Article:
Royal Melbourne Hospital ICU Opened By Minister

Royal Melbourne Hospital ICU Opened By Minister

Victoria Minister for Health Jill Hennessy

World Class Intensive Care Unit Opens To Patients

Victor P Taffa

A new state-of-the-art intensive care unit (ICU) that will provide first-class critical care to patients from The Royal Melbourne Hospital, The Royal Women’s Hospital and the Peter MacCallum Cancer Centre opened its doors today.

Minister for Health Jill Hennessy today officially opened the new $33 Million, 42 bed ICU based at The Royal Melbourne Hospital that has been delivered as part of the Victorian Comprehensive Cancer Centre (VCCC) Project.

 

The ICU has already started treating patients from The Royal Melbourne and The Women’s, and will increase services when Peter Mac moves to its new home at the VCCC in late June.

It features four separate pods, enabling each pod to operate as a mini ICU. It includes 22 beds that can be converted into negative pressure units, meaning it are equipped to deal with a pandemic, while the remaining 20 beds could function as an ICU for other patients.

For patients this means single rooms complete with switchable glass privacy, a quiet facility with plenty of natural light and state-of-the-art equipment and technology on hand to ensure they receive the very best of care.

Families with loved ones in intensive care can often find the experience overwhelming and having to spend long periods of time at hospitals can be draining, so improved family areas with kitchenette and waiting areas are a welcome change.

“The ICU has been designed with patients and their families at its centre. It offers the comfort and privacy families need and deserve during what can be an emotional and distressing time.” Minister for Health Jill Hennessy said.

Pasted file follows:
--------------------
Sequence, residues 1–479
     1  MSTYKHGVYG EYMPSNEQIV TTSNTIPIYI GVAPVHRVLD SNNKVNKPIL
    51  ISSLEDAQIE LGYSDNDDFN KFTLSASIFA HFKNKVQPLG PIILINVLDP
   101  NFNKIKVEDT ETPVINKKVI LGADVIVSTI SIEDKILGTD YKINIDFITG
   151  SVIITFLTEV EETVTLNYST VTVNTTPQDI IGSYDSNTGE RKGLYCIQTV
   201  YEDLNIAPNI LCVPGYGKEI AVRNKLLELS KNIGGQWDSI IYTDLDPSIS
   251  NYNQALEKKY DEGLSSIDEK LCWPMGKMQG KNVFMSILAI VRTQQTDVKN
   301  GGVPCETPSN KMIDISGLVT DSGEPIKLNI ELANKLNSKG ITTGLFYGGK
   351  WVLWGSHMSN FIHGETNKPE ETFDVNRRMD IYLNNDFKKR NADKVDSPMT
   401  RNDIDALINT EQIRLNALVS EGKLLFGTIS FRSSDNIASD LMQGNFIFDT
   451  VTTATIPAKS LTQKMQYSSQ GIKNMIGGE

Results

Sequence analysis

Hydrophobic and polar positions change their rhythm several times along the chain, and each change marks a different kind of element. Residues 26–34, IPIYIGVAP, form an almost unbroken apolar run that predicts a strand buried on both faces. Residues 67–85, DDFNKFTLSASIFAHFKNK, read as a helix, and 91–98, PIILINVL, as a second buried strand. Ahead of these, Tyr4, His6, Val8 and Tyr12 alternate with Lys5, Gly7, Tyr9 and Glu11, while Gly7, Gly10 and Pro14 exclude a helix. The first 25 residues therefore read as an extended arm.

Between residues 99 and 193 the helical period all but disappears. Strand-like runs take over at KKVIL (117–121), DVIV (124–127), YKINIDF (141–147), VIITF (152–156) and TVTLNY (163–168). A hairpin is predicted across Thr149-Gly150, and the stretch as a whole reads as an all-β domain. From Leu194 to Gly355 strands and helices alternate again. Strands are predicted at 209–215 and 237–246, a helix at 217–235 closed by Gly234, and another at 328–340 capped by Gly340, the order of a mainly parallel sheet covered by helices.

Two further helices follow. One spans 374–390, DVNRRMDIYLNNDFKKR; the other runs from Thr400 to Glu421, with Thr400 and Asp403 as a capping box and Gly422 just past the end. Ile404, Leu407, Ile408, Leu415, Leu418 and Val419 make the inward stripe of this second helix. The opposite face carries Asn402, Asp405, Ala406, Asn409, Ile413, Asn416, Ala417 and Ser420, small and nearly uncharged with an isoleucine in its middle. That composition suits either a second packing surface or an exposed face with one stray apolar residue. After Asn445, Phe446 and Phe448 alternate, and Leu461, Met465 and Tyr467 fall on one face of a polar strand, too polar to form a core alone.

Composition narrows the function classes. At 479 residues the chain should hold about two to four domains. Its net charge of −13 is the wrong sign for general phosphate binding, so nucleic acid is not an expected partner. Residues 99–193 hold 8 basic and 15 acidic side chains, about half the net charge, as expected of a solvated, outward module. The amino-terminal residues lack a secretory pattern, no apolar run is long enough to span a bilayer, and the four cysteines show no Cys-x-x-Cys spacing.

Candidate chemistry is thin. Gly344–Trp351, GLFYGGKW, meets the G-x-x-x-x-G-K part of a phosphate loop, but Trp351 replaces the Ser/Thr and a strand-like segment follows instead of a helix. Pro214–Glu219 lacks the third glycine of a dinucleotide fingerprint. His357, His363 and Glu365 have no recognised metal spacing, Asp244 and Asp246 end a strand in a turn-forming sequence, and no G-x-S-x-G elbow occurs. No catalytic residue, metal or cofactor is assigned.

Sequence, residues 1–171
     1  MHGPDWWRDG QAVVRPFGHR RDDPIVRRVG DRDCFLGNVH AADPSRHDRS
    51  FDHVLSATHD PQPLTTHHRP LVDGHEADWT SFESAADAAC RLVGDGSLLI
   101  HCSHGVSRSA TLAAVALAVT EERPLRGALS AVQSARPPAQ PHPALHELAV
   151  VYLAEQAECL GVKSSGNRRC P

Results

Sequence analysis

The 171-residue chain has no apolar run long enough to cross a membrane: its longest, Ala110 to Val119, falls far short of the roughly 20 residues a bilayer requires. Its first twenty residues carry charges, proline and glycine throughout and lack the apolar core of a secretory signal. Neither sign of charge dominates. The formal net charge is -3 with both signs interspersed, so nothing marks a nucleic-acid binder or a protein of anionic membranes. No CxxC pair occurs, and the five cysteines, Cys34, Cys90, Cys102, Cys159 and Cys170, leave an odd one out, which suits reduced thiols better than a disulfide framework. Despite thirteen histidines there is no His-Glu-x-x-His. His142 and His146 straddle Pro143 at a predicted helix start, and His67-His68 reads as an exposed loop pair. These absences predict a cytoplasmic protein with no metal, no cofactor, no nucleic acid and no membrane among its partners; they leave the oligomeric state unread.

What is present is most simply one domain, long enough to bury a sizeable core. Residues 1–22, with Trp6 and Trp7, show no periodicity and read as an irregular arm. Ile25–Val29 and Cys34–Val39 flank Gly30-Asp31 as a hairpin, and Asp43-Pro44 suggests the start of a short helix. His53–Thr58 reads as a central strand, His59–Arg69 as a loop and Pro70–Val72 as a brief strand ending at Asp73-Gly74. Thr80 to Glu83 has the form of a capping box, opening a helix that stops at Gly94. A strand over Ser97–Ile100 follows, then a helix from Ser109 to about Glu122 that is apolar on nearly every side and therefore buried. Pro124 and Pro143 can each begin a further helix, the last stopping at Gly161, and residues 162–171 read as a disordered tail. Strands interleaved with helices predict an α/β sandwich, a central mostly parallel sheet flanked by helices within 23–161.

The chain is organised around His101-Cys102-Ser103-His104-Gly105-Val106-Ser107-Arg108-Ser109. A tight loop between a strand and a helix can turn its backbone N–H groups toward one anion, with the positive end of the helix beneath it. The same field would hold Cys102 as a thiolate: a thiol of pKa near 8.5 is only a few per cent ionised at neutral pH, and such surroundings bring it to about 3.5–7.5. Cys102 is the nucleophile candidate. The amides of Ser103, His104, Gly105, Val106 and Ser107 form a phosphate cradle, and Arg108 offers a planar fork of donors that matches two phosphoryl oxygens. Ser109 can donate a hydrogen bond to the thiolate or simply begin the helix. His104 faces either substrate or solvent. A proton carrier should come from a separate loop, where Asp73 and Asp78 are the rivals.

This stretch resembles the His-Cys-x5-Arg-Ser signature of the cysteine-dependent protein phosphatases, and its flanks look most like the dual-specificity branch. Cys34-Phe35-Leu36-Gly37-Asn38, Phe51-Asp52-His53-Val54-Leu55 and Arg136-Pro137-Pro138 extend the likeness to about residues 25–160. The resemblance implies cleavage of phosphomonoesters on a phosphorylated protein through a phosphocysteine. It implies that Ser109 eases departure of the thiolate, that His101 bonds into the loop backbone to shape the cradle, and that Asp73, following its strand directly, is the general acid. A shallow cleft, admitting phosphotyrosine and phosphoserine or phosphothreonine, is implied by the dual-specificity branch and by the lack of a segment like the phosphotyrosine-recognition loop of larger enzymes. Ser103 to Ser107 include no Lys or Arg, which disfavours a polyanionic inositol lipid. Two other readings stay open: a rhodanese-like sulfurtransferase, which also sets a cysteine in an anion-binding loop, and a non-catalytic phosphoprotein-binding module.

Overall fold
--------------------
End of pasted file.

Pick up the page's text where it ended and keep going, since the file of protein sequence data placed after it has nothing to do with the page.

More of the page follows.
“Our investment in a cutting edge intensive care unit like this is priceless because it will save lives.”

The design of the facility gives staff a clear line of sight from staff base to patient rooms and break-out areas to relax and rejuvenate in between and during shifts.

Modern education facilities have also been added for ongoing education and professional development of doctors and nurses, and overhead lifting installed to reduce safety risks for staff in all rooms.

The VCCC Project is delivering a $1 Billion purpose-built facility for cancer research, treatment, care and education in Parkville, with a covered in bridge above Grattan Street linking the ICU to the VCCC, allowing patients, visitors and staff to move between the two buildings.

“The VCCC will bring together the world’s best and brightest researchers, clinicians and scientists to work side by side to deliver the next breakthrough in the fight against cancer.” Ms. Hennessy said.

These wonderful new facilities will enable clinicians to continue to do their important work while working side -by side with hundreds of researchers here in Parkville’s biomedical precinct.